Why does my cat wee indoors

Even when you find one that does work, you should still consider trying another recipe after a week or so to ensure the cats don’t get used to the odour and start ignoring it. Before using any type of natural cat repellent you should first clean the area of any cat litter or spray. The average cat has 40 times more odour cells than us and they find many essential oils unpleasant. These include lavender, peppermint and orange. Mix 1 part of any of the above oils to 3 parts water in a spray bottle and give it a good shake.

For problem spots you can try soaking cotton wool balls in one of the oils and putting them in and around the area. Next morning you will need to strain the liquid through a cheesecloth and then add half a cup of vinegar and a dozen drops of Tangerine essential oil. Place your cat repellent in a spray bottle and give it a good shake before use. Squeeze a lemon into a litre of water, add 2 dozen drops of eucalyptus oil and give it a good shake. Eucalyptus acts as a repellent to several animals including cats and they are supposed to find citrus off putting. Certain dried herbs you can buy in the big supermarkets can also be effective as cat repellents. Sprinkle dried Rosemary or Lavender around your bedding plants or other problem areas for a quick and easy way to put the cats off using the area as its litter tray.

Citronella oil is the home made cat repellent I had most success with. Although best known as a mosquito repellent cats find the Citronella odour very distasteful. Mix 1 part Citronella oil to 4 parts water and spray liberally in the trouble spot. Although I have tried to use only natural ingredients you should still try to avoid spraying directly onto your plants. I have come across several recipes that included boiling Cayenne or black pepper with other ingredients. Pepper can cause injury to a cat or other animals eyes and I would not recommend it. Similarly, you will come across plenty of people advising the placement of moth balls in your garden to keep cats away.

Brian told us how he uses Listerine mouth wash where a cat leaves its mark as it eliminates the smell and puts the cat off when he returns. I use it undiluted on the spot where the neighbour’s cat made his mark. It really eliminate the smell, never use vinegar or ammonia on a cats urine, it just make the smell worse. Joseph from America had great success with his own concoction which he was good enough to share. The pharmacy there gave me a free syringe to use to extract the oil from the bottle. It is the plunger type that measures in ml and tsp. I took 1 whole lemon and ran it through a juicer but a food processor works just as good.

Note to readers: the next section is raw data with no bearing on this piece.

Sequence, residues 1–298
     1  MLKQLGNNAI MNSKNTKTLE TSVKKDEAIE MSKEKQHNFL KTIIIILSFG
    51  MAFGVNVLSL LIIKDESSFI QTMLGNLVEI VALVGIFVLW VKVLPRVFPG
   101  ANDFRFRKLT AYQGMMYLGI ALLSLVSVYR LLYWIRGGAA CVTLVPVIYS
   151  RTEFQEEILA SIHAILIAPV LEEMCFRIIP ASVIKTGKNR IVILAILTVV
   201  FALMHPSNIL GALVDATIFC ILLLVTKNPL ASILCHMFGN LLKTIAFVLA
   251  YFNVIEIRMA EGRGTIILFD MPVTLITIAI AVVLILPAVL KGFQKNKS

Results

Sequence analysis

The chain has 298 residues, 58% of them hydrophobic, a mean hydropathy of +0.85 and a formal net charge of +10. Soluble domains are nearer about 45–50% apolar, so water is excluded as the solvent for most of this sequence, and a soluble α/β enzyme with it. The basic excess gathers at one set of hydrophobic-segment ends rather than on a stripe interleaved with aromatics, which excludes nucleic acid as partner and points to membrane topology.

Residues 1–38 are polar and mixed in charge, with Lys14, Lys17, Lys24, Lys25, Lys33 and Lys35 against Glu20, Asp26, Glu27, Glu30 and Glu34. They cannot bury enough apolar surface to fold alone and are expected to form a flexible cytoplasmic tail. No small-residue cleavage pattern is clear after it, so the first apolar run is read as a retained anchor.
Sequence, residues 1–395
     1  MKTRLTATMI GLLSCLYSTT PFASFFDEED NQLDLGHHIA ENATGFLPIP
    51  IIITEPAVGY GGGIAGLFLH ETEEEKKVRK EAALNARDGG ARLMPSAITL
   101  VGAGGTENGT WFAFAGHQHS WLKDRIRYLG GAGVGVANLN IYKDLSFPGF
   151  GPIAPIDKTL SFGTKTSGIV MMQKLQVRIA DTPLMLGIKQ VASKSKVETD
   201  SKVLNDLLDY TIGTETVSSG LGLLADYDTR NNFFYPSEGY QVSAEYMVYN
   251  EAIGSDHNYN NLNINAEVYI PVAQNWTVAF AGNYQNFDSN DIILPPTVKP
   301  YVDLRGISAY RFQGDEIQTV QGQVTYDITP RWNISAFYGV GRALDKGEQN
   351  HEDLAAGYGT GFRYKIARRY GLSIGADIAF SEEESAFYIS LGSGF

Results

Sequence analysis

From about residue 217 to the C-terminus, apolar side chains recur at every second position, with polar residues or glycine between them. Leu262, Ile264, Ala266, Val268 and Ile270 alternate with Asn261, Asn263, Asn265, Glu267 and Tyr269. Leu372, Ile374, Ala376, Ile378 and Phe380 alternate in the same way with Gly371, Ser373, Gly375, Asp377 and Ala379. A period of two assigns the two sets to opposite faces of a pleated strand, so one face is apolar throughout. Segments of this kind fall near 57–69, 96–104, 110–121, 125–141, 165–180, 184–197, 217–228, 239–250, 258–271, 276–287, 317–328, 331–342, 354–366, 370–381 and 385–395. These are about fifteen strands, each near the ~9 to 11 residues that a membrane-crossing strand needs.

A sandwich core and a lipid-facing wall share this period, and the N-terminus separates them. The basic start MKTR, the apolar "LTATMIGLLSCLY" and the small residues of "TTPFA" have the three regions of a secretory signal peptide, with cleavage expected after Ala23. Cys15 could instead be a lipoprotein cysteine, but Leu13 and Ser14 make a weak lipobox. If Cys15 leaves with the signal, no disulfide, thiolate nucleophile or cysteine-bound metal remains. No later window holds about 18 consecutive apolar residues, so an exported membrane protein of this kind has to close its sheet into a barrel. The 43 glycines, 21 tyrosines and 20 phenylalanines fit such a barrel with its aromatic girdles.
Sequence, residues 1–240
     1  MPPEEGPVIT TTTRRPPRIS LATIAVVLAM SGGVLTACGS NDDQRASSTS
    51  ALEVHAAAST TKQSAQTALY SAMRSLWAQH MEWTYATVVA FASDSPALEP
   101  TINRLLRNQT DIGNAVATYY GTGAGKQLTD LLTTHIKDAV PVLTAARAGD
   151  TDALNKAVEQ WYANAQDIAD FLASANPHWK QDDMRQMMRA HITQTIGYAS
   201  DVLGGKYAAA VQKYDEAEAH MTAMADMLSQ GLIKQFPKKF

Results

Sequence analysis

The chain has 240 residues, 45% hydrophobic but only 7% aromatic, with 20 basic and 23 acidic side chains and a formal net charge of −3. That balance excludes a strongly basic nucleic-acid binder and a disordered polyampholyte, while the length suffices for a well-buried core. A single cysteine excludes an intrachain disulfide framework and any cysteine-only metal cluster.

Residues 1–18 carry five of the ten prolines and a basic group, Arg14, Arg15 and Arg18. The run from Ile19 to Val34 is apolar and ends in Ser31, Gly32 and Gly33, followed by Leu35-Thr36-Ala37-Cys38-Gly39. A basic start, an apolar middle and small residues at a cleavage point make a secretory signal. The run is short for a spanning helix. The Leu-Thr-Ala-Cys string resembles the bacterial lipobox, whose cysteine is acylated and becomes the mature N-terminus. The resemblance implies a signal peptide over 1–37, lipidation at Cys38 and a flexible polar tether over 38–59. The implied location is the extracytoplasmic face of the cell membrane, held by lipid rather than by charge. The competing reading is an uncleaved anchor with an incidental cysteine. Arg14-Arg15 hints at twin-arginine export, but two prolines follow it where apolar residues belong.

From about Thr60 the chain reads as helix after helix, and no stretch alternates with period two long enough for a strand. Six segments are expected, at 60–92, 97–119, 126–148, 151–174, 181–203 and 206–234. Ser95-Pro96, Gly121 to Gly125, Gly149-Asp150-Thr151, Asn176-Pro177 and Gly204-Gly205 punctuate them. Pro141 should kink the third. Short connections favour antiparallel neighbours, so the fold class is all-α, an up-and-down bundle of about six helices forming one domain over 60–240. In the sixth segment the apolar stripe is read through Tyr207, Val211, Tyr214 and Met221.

I then strained the mixture through cheesecloth and poured it into a 16-ounce spray bottle. 2 tsp of oil from the bottle and put it into the spray bottle. I filled up the rest of the spray bottle with water from the tap. I shook the bottle vigorously before spraying in the areas where the neighbours cats were continually spraying and defecating on my property. Thankfully, the mixture worked wonderfully. I respray every Saturday morning, and it has been working faithfully for more than three months now.

Debbie from here in the UK is finding Citronella seems to work best against her neighbourhood cats. I have been using Citronella oil mixed with water and it is very successful so far. The cheapest way to do it is to buy the essential oil. There are gel’s on the market specifically for dog and cat repellent however it ends up being pricey as it doesn’t last long. Citronella needs topping up every couple of days. I have been told to put lemon slices around the plants too as it will deter fouling. I will add them to the above list.

Also, you can read my reviews of some of the better known commercial cat deterrent options available by clicking below. I was wondering if any of these was safe for home use without causing any harm to cats? One of my cats has a carpet pulling problem and I’ve tried pretty much everything I could to try to tackle it even store bought sprays and nothing. I’m willing to try one of the recipes you have but I just want to make sure it’s ok to use indoors. I’ve never tried any of the above indoors but if I was to I think I would go with the lavender as I find it a pleasant smell while many cats don’t. I thought it was interesting that cats, in general do not like lavendar. My cat enjoys it and comes up on my lap while I am filling lavendar eye pillows. Seems to calm her down. I have cats destroy my veggy garden many times over the years and will no longer tolerate it. I understand your frustration Stoshy. However, mothballs are poison to YOU and your FAMILY. They will get in the soil and end up in your plants you EAT, thereby giving you POISON. So, please, for your sake, use something else. People like you are the reason why everyone should just keep their cats indoors.

Bookmark the permalink.